3. I think same sex marriages that become recognized by the state after they happen are a special case in terms of people’s willingness to participate/excitement about vow renewals. Normally, I wouldn’t be so excited for a vow renewal, as I don’t understand them so much (coming from a culture in which they aren’t a thing). But for same sex friends getting legalled, I’m down to celebrate any way they want, and I will be so excited. We went with some friends who got legalled by a rabbi at the SF courthouse at pride, on the day of the month anniversary of their wedding. It was fabulous. If you wanted to do a bigger celebration, I think that would be awesome too. Doing it at the courthouse ( with like 20 people there) seemed like a great way to get legalled, since it is sort of the site of where the new rights are coming from. But if you wanted to have a full on ceremony, repeat your vows, and have a catered dinner with dancing to celebrate, that would be awesome too, and anything in between. I really don’t think there is a wrong way to get legalled when you’ve been denied that right in the past. In your living room, at the courthouse, in a haunted house, in a hotel ballroom, with friends or just the two of you, or you and any kids you have, with pizza after, or lunch out after or a catered dinner after or nothing after.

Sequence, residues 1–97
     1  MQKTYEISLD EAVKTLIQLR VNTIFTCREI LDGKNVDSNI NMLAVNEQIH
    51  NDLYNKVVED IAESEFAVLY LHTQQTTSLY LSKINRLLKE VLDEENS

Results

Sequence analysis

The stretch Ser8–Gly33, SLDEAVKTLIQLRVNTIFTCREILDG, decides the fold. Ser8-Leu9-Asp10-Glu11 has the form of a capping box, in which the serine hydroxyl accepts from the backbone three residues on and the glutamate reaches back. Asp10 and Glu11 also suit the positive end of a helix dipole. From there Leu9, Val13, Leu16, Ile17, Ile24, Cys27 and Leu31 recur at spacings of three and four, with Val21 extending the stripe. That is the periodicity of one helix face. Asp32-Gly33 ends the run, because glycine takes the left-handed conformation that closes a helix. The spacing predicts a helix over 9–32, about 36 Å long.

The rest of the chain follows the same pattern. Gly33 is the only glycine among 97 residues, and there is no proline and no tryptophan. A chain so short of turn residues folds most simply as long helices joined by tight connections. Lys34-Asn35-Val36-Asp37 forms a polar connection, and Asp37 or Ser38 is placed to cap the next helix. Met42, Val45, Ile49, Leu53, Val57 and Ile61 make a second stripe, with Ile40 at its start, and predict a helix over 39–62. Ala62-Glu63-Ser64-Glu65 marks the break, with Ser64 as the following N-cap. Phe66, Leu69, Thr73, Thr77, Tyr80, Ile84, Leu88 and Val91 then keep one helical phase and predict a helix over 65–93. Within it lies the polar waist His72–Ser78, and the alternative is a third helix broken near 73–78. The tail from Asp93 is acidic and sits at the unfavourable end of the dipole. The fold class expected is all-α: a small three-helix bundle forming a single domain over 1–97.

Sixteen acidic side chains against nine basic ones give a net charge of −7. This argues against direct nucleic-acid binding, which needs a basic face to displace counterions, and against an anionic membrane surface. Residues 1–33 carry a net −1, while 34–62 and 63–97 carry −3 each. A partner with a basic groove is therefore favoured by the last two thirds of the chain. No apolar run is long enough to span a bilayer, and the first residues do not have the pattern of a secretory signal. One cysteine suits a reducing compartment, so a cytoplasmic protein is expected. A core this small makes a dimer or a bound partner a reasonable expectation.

• I’m with Caroline on this one. Do what feels right to you, and (hopefully!) your friends and family will be right there with you. It sounds like you want to do something a bit more subdued and are worried about getting lots of questions about double-dipping or whatever. As to the first part, I guess that depends on how NOT subdued the first event was. You could do a courthouse thing, a backyard thing, a church thing – whatever is right for you two.

      And as to the second part, I think most people will understand that while the last wedding celebrated your personal commitment to each other, this one celebrates your legal commitment to each other. And you can always head off questions in an invitation (or email or conversation or whatever) by clarifying that presents aren’t necessary, no need to dress up, or whatever is right for you all. I’m guessing that most of your guests (at the first and second events) were at least somewhat aware of the changing state of marriage equality.